Posted on Thursday, August 5, 2021

On Being Fearless: Uveka Rangappa in conversation with Lebo Mashile

Lebogang Mashile is a celebrated, award winning poet, actress, musician, TV show host and activist. She also gained significant attention for her resurrection of the story of Saartjie Baartman - a Khoi woman who was exhibited as a “freak” in 19th century Europe. Lebo wanted to highlight the effects of slavery and hypersexualisation of the black female body. She has also hosted parenting show Great Expectations together with news anchor and journalist Uveka Rangappa. Uveka caught up with her old friend to talk about what it means to be Fearless …

You’re out there in the (very critical) public eye. You’re not afraid to speak your mind. What keeps you Fearless?

I have lots of fears, worries and anxieties. “Courage is feeling the fear and doing it anyway.” - Oprah Winfrey. I come back to this quote often. Faith is what allows me to push through my fear.

When we hosted Great Expectations, there were some long, tough days but you didn’t panic or complain. Your secret?

I panic before every performance. If I am not worried, then I know something is off. It means I am not invested. Doing a show like Great Expectations, I was always aware of the presence of guests who needed to be made to feel comfortable. For many of them, it was their first time on TV. Putting them at ease became my priority.

What makes you Fearful right now?

I’m afraid for our country in a way I have never been before. This last year has really been a rollercoaster - facing the unknown and waves of change. I worry about my kids. I was terrified both times before I gave birth. I worry about being able to take care of my family.

How do you use your craft to overcome or express your Fears?

Making art is the process of turning the unknown into something tangible. Every single time you face a blank page or the stage, you are walking into the unknown. But doing it over and over has taught me that fear can be transmuted into other emotions. It does not have to be permanent. Knowing this strengthens my faith.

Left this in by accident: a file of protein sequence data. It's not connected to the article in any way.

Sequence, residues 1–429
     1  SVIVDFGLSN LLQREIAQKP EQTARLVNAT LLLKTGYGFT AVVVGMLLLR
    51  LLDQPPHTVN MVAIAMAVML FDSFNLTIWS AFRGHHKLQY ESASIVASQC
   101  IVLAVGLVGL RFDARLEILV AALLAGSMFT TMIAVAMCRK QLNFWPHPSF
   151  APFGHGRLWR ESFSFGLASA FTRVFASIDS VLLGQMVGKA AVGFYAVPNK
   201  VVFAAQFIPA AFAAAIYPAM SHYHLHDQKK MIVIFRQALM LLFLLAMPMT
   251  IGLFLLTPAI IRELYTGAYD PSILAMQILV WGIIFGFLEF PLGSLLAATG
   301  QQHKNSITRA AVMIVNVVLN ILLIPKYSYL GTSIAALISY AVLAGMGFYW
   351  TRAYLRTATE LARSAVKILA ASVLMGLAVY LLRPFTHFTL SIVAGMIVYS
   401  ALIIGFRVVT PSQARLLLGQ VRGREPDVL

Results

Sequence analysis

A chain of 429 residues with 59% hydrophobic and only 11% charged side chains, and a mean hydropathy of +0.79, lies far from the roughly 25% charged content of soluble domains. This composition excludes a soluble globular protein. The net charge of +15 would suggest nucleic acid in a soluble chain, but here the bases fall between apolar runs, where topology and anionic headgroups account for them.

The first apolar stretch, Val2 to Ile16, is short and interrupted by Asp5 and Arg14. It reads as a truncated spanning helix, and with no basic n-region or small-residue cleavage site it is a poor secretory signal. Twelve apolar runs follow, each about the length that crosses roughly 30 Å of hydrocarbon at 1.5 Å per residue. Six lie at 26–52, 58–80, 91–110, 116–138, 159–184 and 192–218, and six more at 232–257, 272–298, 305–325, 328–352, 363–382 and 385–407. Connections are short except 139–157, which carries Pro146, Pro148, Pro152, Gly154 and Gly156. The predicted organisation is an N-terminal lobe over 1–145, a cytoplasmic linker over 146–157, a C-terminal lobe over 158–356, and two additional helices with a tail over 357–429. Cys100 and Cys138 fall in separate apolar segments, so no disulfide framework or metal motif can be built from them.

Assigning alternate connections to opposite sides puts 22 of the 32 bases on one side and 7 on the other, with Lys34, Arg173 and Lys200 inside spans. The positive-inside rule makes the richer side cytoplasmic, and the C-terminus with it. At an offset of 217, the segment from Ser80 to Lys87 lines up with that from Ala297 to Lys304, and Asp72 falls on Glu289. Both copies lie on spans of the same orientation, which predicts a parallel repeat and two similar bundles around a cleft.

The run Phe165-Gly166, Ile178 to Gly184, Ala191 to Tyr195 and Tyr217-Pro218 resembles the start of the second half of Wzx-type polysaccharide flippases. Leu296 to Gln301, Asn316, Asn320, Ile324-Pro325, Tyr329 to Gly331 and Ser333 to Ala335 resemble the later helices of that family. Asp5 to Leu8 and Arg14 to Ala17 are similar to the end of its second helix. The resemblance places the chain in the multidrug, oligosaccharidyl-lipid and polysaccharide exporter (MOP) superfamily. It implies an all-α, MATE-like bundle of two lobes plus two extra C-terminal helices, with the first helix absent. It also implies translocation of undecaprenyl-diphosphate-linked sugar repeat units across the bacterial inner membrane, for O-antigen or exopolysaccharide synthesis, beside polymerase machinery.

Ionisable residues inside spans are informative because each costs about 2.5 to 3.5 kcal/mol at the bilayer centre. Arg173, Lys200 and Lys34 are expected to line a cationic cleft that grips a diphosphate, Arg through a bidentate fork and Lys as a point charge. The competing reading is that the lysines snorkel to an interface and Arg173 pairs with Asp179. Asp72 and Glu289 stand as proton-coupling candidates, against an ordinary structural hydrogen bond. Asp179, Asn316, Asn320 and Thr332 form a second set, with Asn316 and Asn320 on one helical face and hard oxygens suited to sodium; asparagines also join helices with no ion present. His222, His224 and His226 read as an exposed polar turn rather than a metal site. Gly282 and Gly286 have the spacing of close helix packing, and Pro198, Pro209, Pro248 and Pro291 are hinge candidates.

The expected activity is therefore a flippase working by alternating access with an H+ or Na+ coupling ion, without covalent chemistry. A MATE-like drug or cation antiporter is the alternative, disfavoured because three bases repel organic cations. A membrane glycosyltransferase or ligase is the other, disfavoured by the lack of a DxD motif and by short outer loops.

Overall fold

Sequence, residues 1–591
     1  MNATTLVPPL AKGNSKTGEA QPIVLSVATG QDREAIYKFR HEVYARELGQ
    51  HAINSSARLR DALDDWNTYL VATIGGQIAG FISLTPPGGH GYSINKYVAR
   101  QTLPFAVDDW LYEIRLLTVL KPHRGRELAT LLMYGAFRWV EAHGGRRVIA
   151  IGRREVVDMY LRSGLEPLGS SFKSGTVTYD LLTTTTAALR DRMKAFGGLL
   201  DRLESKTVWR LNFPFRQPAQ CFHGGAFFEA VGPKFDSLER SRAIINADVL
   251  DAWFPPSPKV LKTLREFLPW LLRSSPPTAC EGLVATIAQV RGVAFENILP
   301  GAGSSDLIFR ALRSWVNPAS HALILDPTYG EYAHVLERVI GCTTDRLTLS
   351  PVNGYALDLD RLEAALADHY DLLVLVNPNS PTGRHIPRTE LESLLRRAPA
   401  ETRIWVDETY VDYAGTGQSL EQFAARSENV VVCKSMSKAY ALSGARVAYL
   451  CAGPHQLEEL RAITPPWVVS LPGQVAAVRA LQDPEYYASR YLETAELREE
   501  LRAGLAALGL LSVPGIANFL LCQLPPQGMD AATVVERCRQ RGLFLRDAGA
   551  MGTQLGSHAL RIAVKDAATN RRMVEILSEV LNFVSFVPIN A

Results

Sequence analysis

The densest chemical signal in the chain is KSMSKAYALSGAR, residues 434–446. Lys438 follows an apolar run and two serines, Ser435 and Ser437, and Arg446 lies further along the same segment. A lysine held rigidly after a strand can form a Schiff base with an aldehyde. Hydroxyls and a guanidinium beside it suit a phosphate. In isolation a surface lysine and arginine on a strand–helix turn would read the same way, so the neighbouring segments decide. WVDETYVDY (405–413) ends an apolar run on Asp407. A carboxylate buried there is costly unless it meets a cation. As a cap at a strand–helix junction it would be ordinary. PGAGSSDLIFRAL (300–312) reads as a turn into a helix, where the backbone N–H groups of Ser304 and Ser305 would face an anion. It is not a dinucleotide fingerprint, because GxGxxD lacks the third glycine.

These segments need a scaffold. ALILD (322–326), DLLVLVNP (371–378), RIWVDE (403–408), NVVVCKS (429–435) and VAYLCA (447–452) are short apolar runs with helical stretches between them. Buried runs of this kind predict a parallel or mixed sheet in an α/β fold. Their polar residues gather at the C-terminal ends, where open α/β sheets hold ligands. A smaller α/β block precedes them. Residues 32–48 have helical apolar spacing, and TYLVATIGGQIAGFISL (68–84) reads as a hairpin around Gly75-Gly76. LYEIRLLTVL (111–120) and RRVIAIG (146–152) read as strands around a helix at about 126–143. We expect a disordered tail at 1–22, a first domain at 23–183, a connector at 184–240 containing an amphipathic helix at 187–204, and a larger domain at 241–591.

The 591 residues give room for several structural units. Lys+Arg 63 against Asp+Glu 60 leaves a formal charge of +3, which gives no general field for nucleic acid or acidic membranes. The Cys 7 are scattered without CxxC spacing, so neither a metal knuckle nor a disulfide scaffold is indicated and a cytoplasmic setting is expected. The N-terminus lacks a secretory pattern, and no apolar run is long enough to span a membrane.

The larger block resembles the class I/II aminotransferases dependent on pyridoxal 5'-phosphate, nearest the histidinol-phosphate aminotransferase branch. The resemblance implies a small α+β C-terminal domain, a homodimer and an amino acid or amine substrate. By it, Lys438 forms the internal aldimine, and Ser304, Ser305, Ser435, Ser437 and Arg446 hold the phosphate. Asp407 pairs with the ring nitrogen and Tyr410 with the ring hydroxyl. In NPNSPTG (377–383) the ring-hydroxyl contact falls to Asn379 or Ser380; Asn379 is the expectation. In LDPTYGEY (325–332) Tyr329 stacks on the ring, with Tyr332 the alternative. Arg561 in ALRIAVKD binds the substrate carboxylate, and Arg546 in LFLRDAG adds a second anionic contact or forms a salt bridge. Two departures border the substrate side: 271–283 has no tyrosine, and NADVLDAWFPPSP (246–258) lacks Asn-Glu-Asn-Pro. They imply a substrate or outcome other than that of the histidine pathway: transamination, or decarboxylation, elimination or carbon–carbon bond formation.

In telling the story of Saartjie Baartma, what did “getting to know “Saartjie teach you about strength, courage and survival?

Saartjie Baartman’s story taught me how gruelling the experiences of our ancestors were but they were able to survive. We don’t talk enough about the fact that chattel slavery existed in the Cape for two centuries. We don’t talk about the many people who fought against it, who were willing to die for their freedom. Saartjie was silenced, but I am not. I can be abused and misunderstood, lied about and hated, but I still have a voice. Many of our ancestors did not. Having a voice, the ability to speak one’s truth, is a precious gift.

What are the most important lessons we should be teaching our children so they can be the best versions of themselves?

My Mom taught me to travel and not be afraid of exploring new places. She taught me that I can be multi-faceted. When we were growing up, she was studying, working, as well as participating in activism, and raising us all at the same time. She taught me that it’s okay to leave a relationship that isn’t working. She often stood against societal norms and while it wasn’t easy for her, it instilled in me the desire to stay true to myself even when it was difficult.

What advice do you have for someone about to accomplish a fearless 1st?

I don’t think fear makes you weak. Fear exposes where we feel vulnerable. The remedy for fear is faith and love. When you practice overcoming fear, you learn that fear does not have to be a permanent state. Fear can shift into other kinds of feelings, and that experience is exhilarating. The gift of overcoming fear is strengthening one’s courage. Courage is a muscle. It can be built, but courage also sits side by side with fear. That gives me great comfort: knowing that the most vulnerable parts of me and the bravest parts of me sit side by side.

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